Métis Nation of the NWT signs framework for self-government and land claims negotiations

Métis leaders in the Northwest Territories say an agreement signed with Canada and the territorial government to negotiate their land claims marks a critical step towards self-government and management of their own finances, lands and member services.

On Wednesday, the Métis Nation of the Northwest Territories announced that it has signed an agreement with two Canadian governments that will guide their land claims negotiations, which have been underway for 25 years.

Garry Bailey, president of the Métis Nation of the Northwest Territories (NWTMN) said the deal was “a long time to come”.

“To date we have not been treated equally, so we expect a positive response and a positive outcome over the next three to five years. This should definitely be something to watch,” Bailey told CBC .

The signing of the self-government framework agreement is in line with the implementation of the principles of the United Nations Declaration on the Rights of Indigenous Peoples (UNDRIP), Bailey said.

He will “prepare the ground” to develop a constitution that will govern the relationship between the NWTMN, three Métis government councils, and Métis Aboriginal members.

Through self-government, the NWTMN and the councils will be recognized as legislative authorities with the capacity to deliver programs, he said.

“We are going to be recognized as a government, not just as a society – so this is a big step,” he said.

Northwest Territories Métis Nation President Garry Bailey signed a framework agreement for negotiations on Wednesday. (Trevor Beck / Facebook)

‘Lots of work to do’

Fort Resolution Métis Government Interim President Arthur Beck said self-government is “extremely important” as it empowers them to manage their own lands and finances, and deliver programs and services. to their aboriginal Métis members.

Beck said he is planning an agreement between Canada and the Government of the Northwest Territories to develop a government-to-government relationship.

Trevor Beck, Chairman of the Hay River Métis Government Council, said in a written statement “after many years of perseverance and struggle, the Hay River Métis Government Council is pleased that we have come to an agreement,” he said. declared.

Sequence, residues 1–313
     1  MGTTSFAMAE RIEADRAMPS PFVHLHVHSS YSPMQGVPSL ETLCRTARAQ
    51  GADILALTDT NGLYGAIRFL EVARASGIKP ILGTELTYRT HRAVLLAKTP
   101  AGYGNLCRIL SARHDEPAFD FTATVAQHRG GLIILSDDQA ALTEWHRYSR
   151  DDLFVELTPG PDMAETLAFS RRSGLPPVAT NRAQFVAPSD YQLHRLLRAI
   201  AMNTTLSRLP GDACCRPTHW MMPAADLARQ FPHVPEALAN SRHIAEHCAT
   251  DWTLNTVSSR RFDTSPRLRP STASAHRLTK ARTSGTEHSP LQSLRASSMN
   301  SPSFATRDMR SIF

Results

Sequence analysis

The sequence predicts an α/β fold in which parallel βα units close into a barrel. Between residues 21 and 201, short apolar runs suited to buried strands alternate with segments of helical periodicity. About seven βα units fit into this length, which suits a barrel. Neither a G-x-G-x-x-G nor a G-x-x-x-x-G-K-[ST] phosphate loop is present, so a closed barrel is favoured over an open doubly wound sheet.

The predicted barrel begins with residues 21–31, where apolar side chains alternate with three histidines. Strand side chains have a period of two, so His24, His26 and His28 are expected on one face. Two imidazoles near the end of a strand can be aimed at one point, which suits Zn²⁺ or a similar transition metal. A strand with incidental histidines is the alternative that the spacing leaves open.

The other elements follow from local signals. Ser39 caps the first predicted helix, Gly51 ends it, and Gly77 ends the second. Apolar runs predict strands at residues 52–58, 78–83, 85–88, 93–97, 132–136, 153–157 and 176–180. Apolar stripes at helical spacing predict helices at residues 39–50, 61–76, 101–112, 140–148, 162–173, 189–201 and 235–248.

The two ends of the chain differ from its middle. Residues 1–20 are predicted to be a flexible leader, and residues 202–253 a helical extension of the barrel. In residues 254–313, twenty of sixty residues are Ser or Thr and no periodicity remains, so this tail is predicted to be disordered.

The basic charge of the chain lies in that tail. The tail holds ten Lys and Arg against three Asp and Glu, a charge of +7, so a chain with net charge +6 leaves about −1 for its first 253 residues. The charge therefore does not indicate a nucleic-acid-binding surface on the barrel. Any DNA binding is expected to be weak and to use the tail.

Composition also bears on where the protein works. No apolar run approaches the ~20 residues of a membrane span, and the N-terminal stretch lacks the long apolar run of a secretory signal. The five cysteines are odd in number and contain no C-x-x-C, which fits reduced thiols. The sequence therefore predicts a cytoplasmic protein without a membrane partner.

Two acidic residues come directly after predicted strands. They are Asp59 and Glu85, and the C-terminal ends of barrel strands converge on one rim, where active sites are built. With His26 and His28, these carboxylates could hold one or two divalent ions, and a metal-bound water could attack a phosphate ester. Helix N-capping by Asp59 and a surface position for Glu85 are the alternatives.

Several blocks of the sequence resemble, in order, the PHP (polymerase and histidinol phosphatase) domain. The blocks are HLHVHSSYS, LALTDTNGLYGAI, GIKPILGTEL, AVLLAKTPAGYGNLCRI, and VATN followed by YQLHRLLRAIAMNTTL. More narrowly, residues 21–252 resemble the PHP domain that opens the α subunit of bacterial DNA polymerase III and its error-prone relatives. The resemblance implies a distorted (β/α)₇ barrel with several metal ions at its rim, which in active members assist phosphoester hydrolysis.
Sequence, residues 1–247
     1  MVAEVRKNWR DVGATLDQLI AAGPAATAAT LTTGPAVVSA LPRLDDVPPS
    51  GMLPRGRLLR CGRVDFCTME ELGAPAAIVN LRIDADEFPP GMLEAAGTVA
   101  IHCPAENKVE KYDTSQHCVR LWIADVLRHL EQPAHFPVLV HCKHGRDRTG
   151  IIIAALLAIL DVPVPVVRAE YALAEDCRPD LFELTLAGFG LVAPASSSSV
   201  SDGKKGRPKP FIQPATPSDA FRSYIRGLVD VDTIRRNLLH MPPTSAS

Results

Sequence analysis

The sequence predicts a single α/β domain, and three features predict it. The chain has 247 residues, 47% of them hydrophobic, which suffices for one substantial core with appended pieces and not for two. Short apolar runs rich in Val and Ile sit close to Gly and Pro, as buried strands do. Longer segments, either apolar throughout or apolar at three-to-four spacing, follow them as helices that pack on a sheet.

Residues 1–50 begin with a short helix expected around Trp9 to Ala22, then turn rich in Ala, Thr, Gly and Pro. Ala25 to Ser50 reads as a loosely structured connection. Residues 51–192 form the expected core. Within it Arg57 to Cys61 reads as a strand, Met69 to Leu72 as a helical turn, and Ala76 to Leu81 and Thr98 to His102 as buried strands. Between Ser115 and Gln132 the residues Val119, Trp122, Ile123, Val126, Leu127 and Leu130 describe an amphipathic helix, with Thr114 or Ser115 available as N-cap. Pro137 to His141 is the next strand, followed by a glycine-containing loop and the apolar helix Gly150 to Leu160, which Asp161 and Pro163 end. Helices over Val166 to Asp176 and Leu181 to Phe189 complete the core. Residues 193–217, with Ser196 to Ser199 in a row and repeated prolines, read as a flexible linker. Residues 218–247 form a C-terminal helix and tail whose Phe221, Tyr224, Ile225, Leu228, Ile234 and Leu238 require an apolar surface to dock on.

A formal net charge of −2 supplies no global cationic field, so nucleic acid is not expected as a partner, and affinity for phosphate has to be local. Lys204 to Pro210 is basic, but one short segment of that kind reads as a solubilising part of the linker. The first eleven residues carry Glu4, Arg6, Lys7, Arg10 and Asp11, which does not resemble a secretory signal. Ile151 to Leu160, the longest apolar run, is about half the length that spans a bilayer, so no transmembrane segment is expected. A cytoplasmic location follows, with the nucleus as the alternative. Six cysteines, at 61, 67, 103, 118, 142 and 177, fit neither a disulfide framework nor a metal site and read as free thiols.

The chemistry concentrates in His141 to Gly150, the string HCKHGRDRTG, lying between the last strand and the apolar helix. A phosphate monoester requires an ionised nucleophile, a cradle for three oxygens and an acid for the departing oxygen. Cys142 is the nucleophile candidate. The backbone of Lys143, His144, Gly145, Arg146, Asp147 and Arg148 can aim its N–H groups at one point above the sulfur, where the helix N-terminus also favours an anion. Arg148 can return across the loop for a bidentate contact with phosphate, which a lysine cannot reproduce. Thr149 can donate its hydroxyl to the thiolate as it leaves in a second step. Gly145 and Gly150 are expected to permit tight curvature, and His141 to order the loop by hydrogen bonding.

“We recognize that we have a lot of work to do,” he said.

Allan Heron, president of the Fort Smith Métis Council, said in a written statement that the agreement is a “symbolically important” step for Canada and the governments of the Northwest Territories to recognize the Métis Nation and its status as government.

The agreement will allow the council to design a government that reflects the distinct identity of the Métis peoples and their continued contributions to the Northwest Territories and Canada.

Northwest Territories Premier Caroline Cochrane said in the statement her government is “committed” to working with the Métis in the pursuit of their right to self-government.

“Achieving a self-government agreement will advance reconciliation and recognize and affirm the treaty rights of the Métis Nation of the Northwest Territories,” she said.

Crown-Indigenous Relations Minister Carolyn Bennett praised the Métis leaders for their leadership and determination.

“Strong and self-sufficient Indigenous nations, able to govern effectively and exercise their right to self-determination, are essential to enhancing the well-being and economic prosperity of Indigenous communities in the North,” she said. declared.

Liberal MP Michael McLeod has said he looks forward to further progress with the deal.

Teresa R. Cabrera

The author Teresa R. Cabrera